SIOUX FALLS, S.D. (AP) -NCAA men's basketball wins leader Don Meyer coached Northern State University to a postseason bid and soon after will undergo treatment on a leg amputated after a car crash that also revealed a slow-growing cancer.
So continues the roller coaster season that included the near-fatal accident and recovery, Meyer's return to coaching in a wheelchair, breaking Bobby Knight's 902-win record, and then extending the season with a young team plagued by injuries.
Assistant coach Randy Baruth directed practices but spoke daily with Meyer (910-309) until his return to courtside two months after the Sept. 5 accident.
``We've had arrested development for all of us not being able to work as hard as we should have. And all of the emotional drainage, I guess you'd call it. We're probably very fortunate to be where we are, to tell you the truth,'' Meyer said in a telephone interview.
, Minn. on Saturday.
Meyer, 64, was critically injured when his compact car collided with a loaded grain truck west of Aberdeen. He was alone in the first of several vehicles taking the team to an annual weekend retreat when he either fell asleep or was distracted.
Multiple operations followed at a Sioux Falls hospital to remove Meyer's spleen, repair cracked ribs and deal with a mangled left leg that later was amputated below the knee.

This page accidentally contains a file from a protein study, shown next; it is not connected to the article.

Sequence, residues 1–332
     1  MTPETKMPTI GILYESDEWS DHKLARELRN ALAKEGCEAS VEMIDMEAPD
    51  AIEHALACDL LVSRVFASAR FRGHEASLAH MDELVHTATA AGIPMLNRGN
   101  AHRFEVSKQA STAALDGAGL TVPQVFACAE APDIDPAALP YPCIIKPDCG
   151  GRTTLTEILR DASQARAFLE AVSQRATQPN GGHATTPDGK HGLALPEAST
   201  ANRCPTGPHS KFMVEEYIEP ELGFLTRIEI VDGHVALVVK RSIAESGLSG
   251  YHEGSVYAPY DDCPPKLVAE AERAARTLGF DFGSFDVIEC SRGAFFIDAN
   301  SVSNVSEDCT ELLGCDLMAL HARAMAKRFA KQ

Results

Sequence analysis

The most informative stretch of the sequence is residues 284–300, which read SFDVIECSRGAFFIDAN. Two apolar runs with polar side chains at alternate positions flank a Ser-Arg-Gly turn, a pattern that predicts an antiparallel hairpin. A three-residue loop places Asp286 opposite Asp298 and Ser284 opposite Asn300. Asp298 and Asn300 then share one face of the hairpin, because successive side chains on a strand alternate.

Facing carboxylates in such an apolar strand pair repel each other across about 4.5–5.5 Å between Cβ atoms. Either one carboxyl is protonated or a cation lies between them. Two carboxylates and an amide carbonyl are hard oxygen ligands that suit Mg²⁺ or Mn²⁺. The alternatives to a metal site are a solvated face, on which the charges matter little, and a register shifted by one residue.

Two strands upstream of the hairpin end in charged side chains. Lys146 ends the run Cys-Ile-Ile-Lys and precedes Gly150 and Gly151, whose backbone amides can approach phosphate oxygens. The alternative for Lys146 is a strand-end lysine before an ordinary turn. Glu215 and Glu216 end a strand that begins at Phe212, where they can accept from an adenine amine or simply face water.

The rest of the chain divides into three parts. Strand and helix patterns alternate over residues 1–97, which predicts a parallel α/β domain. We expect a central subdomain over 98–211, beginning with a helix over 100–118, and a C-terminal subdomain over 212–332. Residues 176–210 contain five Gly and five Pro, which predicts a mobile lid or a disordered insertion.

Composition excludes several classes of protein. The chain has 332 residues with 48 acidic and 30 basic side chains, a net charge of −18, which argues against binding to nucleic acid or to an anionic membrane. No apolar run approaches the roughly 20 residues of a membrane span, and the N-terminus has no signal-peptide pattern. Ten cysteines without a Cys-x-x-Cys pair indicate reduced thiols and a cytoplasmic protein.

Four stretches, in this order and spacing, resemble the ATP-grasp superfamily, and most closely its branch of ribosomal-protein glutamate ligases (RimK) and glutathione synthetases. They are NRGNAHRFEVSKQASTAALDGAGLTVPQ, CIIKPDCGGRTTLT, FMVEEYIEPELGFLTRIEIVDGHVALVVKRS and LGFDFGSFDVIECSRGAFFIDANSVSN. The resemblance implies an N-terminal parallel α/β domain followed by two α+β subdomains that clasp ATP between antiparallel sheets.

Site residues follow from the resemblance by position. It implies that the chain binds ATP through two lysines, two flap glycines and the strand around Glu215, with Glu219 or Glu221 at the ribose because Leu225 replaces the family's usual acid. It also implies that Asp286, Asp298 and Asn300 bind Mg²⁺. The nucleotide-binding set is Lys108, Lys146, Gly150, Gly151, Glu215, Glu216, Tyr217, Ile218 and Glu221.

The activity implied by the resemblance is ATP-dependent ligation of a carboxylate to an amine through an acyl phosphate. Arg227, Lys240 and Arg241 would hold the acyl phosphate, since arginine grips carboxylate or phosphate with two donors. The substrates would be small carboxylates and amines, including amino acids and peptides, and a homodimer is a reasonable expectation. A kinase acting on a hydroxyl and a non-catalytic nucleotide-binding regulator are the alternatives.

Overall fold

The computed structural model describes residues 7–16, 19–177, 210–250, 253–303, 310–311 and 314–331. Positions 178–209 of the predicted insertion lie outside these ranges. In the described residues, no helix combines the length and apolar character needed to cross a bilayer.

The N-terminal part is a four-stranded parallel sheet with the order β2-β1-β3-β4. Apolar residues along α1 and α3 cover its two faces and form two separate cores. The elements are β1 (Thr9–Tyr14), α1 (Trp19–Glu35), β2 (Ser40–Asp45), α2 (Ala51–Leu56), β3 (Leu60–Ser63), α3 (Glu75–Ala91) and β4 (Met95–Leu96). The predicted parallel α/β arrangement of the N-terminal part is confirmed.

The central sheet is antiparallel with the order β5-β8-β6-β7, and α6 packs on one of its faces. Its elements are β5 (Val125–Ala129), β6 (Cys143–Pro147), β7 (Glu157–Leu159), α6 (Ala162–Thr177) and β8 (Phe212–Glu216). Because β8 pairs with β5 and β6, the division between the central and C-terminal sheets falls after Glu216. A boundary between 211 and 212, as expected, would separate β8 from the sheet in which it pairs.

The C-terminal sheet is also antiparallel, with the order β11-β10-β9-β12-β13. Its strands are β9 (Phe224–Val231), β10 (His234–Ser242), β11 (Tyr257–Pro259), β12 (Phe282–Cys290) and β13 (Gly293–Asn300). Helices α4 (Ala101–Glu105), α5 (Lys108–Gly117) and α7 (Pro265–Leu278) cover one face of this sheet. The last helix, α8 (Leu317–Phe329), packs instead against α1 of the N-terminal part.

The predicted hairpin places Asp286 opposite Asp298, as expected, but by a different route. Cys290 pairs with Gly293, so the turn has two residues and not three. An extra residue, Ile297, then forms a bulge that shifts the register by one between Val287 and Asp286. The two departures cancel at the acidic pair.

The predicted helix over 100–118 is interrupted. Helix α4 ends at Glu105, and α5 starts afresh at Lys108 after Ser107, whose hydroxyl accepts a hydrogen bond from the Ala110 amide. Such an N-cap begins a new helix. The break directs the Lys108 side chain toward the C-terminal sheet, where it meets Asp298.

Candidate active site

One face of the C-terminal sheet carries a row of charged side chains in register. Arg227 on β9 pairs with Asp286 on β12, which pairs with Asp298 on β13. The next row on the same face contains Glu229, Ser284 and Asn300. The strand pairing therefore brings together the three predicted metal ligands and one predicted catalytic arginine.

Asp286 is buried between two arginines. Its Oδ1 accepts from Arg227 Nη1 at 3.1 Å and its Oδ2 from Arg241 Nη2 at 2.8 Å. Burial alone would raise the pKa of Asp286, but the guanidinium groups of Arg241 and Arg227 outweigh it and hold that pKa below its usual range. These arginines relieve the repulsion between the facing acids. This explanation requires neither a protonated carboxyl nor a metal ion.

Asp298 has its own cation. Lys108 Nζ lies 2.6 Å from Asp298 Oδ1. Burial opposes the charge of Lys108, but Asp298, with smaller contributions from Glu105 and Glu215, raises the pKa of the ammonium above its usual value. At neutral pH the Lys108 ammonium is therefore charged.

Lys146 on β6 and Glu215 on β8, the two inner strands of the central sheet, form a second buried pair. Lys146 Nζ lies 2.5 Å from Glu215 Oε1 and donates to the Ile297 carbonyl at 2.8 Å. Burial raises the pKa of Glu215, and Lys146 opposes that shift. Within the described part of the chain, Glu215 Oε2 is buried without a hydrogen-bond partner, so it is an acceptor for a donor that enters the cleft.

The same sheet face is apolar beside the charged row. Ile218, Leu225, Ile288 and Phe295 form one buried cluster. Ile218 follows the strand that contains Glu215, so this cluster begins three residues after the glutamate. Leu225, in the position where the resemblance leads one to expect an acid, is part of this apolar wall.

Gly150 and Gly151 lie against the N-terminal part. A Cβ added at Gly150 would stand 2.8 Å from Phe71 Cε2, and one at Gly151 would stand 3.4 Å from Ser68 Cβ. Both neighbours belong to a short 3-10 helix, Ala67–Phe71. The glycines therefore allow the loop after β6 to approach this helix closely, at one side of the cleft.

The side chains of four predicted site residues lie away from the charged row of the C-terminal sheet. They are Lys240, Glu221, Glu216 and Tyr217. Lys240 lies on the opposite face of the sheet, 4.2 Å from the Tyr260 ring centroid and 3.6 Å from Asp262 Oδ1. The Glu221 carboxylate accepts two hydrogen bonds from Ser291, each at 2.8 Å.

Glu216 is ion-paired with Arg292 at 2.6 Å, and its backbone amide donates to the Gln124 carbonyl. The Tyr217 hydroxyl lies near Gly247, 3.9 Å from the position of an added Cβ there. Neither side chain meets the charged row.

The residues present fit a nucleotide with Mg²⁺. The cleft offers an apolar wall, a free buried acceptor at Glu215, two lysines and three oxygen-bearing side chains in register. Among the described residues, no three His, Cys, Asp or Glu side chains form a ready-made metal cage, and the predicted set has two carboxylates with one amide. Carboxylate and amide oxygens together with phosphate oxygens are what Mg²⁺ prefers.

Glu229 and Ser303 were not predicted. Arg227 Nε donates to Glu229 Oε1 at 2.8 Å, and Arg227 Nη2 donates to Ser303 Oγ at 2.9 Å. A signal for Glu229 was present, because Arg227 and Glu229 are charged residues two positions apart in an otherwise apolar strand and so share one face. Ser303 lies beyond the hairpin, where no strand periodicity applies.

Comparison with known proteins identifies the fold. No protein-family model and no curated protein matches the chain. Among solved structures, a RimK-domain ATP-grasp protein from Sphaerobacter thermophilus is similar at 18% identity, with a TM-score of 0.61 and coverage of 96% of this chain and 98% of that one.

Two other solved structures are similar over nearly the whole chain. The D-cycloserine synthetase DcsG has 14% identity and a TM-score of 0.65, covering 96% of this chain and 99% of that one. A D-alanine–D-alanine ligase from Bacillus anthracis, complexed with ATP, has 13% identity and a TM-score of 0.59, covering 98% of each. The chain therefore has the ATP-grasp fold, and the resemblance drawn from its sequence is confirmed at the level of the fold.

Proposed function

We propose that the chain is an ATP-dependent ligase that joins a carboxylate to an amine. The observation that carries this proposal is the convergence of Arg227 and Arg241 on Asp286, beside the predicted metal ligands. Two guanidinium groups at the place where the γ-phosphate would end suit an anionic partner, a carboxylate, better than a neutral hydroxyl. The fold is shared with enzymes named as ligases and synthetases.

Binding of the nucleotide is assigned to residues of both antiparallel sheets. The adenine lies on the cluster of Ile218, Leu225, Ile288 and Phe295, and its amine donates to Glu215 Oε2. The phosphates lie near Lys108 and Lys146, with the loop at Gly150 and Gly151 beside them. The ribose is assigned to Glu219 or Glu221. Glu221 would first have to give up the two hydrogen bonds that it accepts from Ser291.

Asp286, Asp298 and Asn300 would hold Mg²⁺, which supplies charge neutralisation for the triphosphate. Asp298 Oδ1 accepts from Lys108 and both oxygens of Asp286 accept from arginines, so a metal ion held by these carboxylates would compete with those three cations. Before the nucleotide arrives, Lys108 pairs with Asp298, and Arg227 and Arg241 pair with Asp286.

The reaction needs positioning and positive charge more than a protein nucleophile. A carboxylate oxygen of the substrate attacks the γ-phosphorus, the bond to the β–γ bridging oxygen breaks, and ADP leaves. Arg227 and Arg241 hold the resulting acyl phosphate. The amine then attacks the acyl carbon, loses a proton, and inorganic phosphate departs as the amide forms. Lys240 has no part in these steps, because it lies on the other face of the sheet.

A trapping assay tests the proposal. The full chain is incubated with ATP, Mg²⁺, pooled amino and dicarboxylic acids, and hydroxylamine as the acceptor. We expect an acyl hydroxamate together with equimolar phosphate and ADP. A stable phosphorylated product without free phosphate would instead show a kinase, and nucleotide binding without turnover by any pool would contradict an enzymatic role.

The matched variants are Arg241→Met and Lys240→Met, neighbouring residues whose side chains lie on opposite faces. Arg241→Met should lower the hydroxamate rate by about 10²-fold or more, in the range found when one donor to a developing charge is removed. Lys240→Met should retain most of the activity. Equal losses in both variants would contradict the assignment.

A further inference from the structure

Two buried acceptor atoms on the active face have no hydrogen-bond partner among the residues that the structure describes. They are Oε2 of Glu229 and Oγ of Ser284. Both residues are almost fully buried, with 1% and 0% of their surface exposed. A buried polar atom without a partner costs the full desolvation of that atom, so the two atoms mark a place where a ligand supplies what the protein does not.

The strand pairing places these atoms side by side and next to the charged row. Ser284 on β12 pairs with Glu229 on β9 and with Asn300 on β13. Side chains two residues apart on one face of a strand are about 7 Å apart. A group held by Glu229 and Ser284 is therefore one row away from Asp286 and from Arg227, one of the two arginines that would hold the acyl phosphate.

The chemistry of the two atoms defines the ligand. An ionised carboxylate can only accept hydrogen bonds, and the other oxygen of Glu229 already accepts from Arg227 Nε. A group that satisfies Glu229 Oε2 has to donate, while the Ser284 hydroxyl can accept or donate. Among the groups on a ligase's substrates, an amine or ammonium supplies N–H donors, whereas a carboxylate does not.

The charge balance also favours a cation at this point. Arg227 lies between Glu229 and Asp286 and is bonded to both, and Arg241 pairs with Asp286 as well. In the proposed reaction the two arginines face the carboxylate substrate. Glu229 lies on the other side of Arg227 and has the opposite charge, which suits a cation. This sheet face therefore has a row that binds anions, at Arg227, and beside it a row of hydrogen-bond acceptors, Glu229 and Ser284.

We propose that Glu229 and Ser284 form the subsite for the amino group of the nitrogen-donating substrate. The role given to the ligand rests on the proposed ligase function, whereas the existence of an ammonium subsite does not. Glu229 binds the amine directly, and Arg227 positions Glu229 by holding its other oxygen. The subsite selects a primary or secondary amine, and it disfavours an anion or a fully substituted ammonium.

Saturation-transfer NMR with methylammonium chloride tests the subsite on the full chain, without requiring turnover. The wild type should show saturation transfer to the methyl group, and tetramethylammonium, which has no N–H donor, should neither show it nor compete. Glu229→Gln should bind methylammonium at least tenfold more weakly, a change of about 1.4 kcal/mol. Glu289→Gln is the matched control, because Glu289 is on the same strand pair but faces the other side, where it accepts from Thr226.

Meyer called the accident a blessing because doctors also found a carcinoid cancer in his liver and small intestines, the treatment for which was put off until his injuries and the amputation could heal.
Doctors have held off closing up the leg, but surgery now has been scheduled for April 2 that will also entail shaving off some of the bone to remove an infection, as well as some muscle reconstruction, said Meyer's wife, Carmen Meyer.
``He was very pleased with how it's coming along,'' she said of the plastic surgeon.
``That was very good news.''
The leg will be swollen but could be fitted with an artificial limb by summer, Carmen Meyer said.
``We're just hoping his hip and his upper leg will be strong enough to use a prosthesis. He had a severe crush injury to the left side of his body so he hasn't done any weight bearing on that left side,'' she said.
ancer and has an appointment with an oncologist in Aberdeen May 4 to determine how to proceed with treatment.
One possibility is a monthly hormone shot to control the symptoms, which have been minor if evident at all, Carmen Meyer said.
``So our prayer that it will just stop growing and go away,'' she said of the cancer.
When asked about his health, Meyer characteristically - and dryly - shifted the focus to his team.
``The biggest health problem is two of our guards are out for the season,'' he said of injured sophomores Jordan King and Derek Hoellein.
Meyer said the season has helped keep his focus off his physical challenges.
``I think the basketball has been good that way, because you don't think about the other stuff that much,'' he said.

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